Trump team dredges up misleading claims of black voter fraud at Sessions' AG hearing

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Among Sen. Jeff Sessions' crowning achievements is his involvement in the legal battle to prosecute black voters who allegedly cast fraudulent votes in the 1984 Alabama primary.

Sessions, then-attorney general of Alabama, left the prosecution to two assistants who argued three individuals had altered multiple ballots in a deliberate attempt to sway election results. The presiding judge threw out more than half the charges for lack of evidence before the jury even heard the case, according to USA Today. The jury later acquitted all defendants.

But on Wednesday — day two of Sessions' confirmation hearings to become U.S. attorney general — Donald Trump's team seemed intent on reminding senators of Sessions' devotion to rooting out alleged voter fraud. 

Sen. Jeff SessionsSource: Alex Brandon/AP
Sen. Jeff Sessions  Alex Brandon/AP

Vox reporter Jeff Stein tweeted a portion of a dossier distributed by the Trump team, citing an article from the Conservative Review titled "How Black Democrats Stole Votes in Alabama and Jeff Sessions Tried to Stop It."

The article claims "the left" has launched unfounded accusations of voter suppression at Sessions, using the 1984 case as a prime example.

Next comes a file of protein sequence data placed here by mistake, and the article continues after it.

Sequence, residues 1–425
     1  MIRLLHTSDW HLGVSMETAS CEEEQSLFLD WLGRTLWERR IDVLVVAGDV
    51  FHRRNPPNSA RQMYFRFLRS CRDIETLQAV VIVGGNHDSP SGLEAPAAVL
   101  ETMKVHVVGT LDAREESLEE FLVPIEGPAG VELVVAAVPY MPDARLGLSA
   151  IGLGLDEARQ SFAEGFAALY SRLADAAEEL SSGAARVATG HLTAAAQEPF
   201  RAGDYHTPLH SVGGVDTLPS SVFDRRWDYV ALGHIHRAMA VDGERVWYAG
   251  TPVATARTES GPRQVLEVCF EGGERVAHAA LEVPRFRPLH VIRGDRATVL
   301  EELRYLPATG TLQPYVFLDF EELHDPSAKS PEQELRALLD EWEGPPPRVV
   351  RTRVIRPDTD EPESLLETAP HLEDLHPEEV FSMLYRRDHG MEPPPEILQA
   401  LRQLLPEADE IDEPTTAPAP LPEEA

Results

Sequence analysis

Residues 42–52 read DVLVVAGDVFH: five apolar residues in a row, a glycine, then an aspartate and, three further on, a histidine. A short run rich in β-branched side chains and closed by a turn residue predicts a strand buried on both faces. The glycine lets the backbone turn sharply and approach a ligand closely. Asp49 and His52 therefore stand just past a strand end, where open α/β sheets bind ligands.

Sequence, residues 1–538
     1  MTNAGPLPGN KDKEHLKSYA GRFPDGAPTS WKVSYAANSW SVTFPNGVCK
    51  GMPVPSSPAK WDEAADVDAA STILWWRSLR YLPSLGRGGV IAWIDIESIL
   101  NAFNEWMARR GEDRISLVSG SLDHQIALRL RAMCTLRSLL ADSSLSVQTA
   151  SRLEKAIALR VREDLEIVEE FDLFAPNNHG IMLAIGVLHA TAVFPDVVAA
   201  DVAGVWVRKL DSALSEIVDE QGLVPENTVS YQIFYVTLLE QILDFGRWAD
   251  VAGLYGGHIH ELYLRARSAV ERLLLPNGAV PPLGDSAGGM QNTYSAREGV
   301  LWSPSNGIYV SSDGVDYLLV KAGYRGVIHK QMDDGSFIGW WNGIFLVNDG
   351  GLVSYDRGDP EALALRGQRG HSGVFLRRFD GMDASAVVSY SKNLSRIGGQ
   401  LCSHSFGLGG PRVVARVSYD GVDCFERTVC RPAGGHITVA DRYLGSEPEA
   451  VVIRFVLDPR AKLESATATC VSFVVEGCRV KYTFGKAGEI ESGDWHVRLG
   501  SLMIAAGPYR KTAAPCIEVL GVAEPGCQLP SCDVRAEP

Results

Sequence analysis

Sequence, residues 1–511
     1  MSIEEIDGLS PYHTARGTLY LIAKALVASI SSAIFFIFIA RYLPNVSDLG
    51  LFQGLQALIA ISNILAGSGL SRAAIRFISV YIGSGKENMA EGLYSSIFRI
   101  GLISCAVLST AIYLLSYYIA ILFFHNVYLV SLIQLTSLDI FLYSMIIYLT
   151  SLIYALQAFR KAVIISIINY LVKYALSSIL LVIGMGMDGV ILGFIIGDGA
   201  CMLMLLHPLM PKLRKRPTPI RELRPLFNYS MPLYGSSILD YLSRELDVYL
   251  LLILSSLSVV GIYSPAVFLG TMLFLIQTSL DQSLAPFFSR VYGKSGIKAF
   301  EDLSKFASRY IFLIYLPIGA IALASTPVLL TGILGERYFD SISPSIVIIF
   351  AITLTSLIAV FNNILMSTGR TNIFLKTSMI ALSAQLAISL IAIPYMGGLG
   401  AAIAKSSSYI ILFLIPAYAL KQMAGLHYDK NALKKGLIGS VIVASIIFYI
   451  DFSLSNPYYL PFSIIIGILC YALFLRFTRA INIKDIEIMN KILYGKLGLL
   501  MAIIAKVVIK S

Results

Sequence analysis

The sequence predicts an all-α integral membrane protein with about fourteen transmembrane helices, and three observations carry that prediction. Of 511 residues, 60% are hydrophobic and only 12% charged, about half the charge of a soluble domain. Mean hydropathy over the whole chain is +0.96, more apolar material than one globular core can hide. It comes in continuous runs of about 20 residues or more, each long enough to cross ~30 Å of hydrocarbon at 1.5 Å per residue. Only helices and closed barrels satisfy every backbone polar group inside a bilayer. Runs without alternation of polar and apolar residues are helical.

"This is just another instance of so-called 'progressives' going all out to protect their own — even when the victims are black voters," wrote Hans von Spakovsky for the Conservative Review

The defendants, which included Martin Luther King Jr. adviser Albert Turner, maintained they were simply trying to help elderly people of color — who couldn't physically get to the polls — cast their ballots. 

"I thought that the prosecution was unwarranted and had no merit," Robert Turner, Albert Turner's brother, told USA Today in November. "I thought it was deliberately done to dissuade black people from voting. I don't think [Sessions] did it for a just cause."

Sessions has continued to underline the prevalence of voter fraud in the United States, despite the phenomenon amounting largely to a myth. Given his track record on the issue, some senators doubted Sessions' ability to justly serve minority populations.

"How any black person would be able to feel they are going to have impartial justice from Mr. Sessions is beyond me," said Sen. Howard Metzenbaum.